A timely reality check -- BTW if you haven't read "Amusing Ourselves to Death", you should
THIS is hardly new — we’ve already come a long way from the Lincoln-Douglas debates of 1858 for a Senate seat, which held the audience rapt, on one occasion, for three hours — then everyone dispersed for dinner and came back for the four-hour rebuttal. The contrast with the public’s attenuated attention in the age of television, which Neil Postman pointed out in his 1985 book “Amusing Ourselves to Death: Public Discourse in the Age of Show Business,” was great. The contrast is all the greater today, with the advent of the short, nonlinear clips of YouTube.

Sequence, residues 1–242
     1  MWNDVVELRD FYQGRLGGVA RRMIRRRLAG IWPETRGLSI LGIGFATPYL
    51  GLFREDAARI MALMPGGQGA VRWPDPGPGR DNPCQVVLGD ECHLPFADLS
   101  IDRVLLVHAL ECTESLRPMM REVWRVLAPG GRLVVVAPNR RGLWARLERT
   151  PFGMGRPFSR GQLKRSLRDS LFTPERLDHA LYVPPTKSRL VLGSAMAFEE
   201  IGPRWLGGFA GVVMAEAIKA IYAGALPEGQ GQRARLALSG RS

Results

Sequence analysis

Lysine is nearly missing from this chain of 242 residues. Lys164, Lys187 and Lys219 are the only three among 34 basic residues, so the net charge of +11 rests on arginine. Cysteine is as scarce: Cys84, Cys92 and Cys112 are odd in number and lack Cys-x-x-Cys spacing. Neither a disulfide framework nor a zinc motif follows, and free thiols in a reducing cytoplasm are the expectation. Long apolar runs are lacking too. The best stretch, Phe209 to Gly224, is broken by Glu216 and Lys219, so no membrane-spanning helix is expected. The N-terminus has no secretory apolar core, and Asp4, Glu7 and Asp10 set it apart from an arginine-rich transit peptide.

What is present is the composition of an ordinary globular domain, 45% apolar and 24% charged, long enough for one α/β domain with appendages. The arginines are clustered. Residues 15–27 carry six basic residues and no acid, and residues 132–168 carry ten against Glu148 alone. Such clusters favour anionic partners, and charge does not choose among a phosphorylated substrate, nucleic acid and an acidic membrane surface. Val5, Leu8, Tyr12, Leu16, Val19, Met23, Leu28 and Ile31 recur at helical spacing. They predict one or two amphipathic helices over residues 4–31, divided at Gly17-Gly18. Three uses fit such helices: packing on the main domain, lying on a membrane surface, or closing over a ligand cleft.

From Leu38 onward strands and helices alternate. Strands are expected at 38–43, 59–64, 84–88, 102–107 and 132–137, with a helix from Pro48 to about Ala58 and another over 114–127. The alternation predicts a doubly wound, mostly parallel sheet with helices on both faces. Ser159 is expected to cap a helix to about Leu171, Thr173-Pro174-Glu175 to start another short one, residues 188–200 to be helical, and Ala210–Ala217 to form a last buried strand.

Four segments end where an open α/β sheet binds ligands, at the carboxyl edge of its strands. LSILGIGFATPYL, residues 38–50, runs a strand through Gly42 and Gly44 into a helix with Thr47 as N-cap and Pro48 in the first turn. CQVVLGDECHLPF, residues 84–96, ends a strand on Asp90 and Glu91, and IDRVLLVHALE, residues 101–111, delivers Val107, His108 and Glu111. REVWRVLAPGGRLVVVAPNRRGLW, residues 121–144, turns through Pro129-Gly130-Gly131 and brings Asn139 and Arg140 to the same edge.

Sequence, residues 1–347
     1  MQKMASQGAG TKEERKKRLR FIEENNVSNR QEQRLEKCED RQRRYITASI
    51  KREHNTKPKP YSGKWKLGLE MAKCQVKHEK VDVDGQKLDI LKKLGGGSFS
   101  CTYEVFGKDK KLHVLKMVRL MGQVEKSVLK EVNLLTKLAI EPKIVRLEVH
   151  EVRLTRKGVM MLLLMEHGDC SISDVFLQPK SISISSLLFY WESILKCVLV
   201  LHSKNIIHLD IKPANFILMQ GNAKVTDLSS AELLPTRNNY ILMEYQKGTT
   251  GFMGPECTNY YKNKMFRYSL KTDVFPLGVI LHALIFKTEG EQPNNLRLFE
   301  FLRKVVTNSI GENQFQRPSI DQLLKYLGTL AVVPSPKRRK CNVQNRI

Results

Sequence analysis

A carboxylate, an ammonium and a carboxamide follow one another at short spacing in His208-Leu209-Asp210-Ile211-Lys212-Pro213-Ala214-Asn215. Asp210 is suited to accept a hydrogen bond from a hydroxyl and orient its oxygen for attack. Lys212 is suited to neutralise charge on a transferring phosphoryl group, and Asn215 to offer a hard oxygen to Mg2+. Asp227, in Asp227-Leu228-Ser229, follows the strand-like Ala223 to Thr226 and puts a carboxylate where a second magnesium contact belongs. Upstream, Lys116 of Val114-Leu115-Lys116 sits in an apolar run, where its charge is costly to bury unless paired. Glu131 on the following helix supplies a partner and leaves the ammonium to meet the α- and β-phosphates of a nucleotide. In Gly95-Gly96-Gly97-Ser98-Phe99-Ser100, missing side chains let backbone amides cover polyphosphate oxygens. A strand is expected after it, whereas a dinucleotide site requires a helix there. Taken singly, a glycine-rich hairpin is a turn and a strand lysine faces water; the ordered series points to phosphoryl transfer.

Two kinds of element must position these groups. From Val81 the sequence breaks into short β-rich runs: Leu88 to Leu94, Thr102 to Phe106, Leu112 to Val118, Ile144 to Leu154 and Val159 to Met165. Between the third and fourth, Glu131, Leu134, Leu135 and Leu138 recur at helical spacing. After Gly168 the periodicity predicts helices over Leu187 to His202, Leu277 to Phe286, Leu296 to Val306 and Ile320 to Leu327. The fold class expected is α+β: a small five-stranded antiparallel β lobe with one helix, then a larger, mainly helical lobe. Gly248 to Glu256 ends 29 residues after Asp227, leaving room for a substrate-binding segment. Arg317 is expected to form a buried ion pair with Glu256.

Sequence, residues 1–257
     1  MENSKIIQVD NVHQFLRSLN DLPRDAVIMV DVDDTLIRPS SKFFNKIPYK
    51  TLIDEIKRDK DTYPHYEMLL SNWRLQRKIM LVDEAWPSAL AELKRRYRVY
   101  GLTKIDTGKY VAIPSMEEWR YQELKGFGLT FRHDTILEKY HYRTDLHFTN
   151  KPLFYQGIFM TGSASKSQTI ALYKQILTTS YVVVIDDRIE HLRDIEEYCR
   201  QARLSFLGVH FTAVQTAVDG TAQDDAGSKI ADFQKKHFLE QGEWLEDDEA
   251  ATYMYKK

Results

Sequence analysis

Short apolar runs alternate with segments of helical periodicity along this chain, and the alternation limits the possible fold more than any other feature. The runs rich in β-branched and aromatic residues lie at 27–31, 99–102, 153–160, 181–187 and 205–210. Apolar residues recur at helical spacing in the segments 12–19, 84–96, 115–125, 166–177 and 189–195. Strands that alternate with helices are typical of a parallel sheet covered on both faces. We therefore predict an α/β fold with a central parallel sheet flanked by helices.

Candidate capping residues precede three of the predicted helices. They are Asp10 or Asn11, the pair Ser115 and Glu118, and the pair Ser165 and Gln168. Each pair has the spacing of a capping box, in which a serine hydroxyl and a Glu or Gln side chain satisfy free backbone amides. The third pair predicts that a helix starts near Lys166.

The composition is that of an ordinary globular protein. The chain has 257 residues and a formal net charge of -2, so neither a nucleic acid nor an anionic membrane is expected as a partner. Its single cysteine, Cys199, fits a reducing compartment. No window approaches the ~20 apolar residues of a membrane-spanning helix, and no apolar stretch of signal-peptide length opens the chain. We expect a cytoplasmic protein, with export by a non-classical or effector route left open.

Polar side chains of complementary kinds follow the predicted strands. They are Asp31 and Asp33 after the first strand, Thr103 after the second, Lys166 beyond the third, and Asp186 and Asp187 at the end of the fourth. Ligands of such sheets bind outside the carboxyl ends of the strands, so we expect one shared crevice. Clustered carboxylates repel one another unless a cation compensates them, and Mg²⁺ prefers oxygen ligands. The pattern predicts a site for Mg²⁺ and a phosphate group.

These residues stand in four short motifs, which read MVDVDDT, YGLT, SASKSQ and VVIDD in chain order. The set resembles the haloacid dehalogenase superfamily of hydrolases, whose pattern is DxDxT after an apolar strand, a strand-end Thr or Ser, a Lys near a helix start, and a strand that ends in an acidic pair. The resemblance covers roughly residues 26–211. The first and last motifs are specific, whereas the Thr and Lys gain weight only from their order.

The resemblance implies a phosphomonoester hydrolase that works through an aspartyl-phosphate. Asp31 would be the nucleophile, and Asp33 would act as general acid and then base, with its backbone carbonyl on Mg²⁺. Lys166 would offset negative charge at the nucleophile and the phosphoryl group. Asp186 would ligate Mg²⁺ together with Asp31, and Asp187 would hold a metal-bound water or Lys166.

It is easy to forget that this is YouTube’s first presidential campaign: the company was founded in only 2005 and acquired by Google in 2006. By the time the next campaign cycle rolls around in 2011, YouTube’s influence on the culture may be so complete that a 45-minute linear video of a question-answer session will seem to most people to be about 43 minutes too long.